4
views
0
recommends
+1 Recommend
0 collections
    0
    shares
      • Record: found
      • Abstract: found
      • Article: not found

      Exceeding WHO Framework Convention on Tobacco Control (FCTC) Obligations: Nepal Overcoming Tobacco Industry Interference to Enact a Comprehensive Tobacco Control Policy

      1 , 2 , 1 , 2 , 3 , 4 ,   1 , 2 , 5
      Nicotine & Tobacco Research
      Oxford University Press (OUP)

      Read this article at

      ScienceOpenPublisherPubMed
      Bookmark
          There is no author summary for this article yet. Authors can add summaries to their articles on ScienceOpen to make them more accessible to a non-specialist audience.

          Abstract

          Background

          The tobacco industry works to block, delay, and weaken national tobacco control legislation to implement the WHO Framework Convention on Tobacco Control (FCTC). This article reviews how Nepal overcame industry opposition and to a comprehensive tobacco control law implementing the FCTC.

          Methods

          We triangulated newspaper articles and policy documents with key informant interviews.

          Results

          With the support of international health groups, local tobacco control advocates worked with policymakers in Nepal to pass a comprehensive tobacco control law that exceeded FCTC obligations. The tobacco industry exploited a time of political transition to block consideration by Parliament, arranged and sponsored foreign tours for legislators, made death threats to tobacco control advocates and their families, and argued for the economic importance of tobacco farms. Despite strong interference from Health, and Law and Justice ministers, a 2009 Supreme Court ruling helped tobacco control advocates secure a comprehensive tobacco control law in 2011 that included rotating pictorial health warning labels covering 75% of both sides of cigarette packages, 100% smoke free public places and workplaces, private homes and vehicles, and a tobacco advertising, promotion, and sponsorship ban.

          Conclusions

          Advocates in developing countries should utilize Nepal's experience to reject tobacco industry offers of compromise and continue educating politicians and legislators to generate political support to pass a comprehensive tobacco control law. Technical and financial support from international agencies, and effective collaboration and coordination of civil societies, and utilization of domestic litigation are helpful in LMICs where governance is weak (the abstract in Nepali is available as a Supplementary Material).

          Implications

          The tobacco industry exploited a time of political transition in Nepal in its effort to block comprehensive tobacco control policy in Parliament by sponsoring foreign tours of legislatures, making death threats to tobacco control advocates and their families, and arguing for the economic importance of tobacco farms. Tobacco control advocates used litigation to raise awareness and educate legislators and promote strong legislation with the involvement of international health groups. Technical and financial support from international agencies, and effective collaboration and coordination of civil societies, and utilization of domestic litigation are helpful in LMICs where governance is weak.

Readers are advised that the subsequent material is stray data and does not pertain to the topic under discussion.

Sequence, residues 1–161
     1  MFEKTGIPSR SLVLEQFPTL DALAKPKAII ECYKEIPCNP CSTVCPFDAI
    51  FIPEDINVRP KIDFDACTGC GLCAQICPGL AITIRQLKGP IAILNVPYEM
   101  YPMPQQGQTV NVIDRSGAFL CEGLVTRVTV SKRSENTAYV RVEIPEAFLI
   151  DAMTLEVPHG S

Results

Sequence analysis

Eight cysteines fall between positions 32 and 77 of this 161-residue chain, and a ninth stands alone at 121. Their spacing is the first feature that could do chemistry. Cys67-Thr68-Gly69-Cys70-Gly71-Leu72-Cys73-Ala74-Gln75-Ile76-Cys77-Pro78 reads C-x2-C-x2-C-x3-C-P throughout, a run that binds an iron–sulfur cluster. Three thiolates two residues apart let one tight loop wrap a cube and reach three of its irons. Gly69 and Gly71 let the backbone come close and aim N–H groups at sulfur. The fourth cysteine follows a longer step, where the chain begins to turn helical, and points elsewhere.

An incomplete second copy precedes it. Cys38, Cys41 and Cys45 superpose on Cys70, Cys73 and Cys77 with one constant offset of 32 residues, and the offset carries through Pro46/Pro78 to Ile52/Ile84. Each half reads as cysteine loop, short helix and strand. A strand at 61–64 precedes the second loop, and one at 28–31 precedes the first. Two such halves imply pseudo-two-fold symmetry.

Related collections

          Most cited references39

          • Record: found
          • Abstract: found
          • Article: not found

          How Does the Tobacco Industry Attempt to Influence Marketing Regulations? A Systematic Review

          Background The Framework Convention on Tobacco Control makes a number of recommendations aimed at restricting the marketing of tobacco products. Tobacco industry political activity has been identified as an obstacle to Parties’ development and implementation of these provisions. This study systematically reviews the existing literature on tobacco industry efforts to influence marketing regulations and develops taxonomies of 1) industry strategies and tactics and 2) industry frames and arguments. Methods Searches were conducted between April-July 2011, and updated in March 2013. Articles were included if they made reference to tobacco industry efforts to influence marketing regulations; supported claims with verifiable evidence; were written in English; and concerned the period 1990–2013. 48 articles met the review criteria. Narrative synthesis was used to combine the evidence. Results 56% of articles focused on activity in North America, Europe or Australasia, the rest focusing on Asia (17%), South America, Africa or transnational activity. Six main political strategies and four main frames were identified. The tobacco industry frequently claims that the proposed policy will have negative unintended consequences, that there are legal barriers to regulation, and that the regulation is unnecessary because, for example, industry does not market to youth or adheres to a voluntary code. The industry primarily conveys these arguments through direct and indirect lobbying, the promotion of voluntary codes and alternative policies, and the formation of alliances with other industrial sectors. The majority of tactics and arguments were used in multiple jurisdictions. Conclusions Tobacco industry political activity is far more diverse than suggested by existing taxonomies of corporate political activity. Tactics and arguments are repeated across jurisdictions, suggesting that the taxonomies of industry tactics and arguments developed in this paper are generalisable to multiple jurisdictions and can be used to predict industry activity.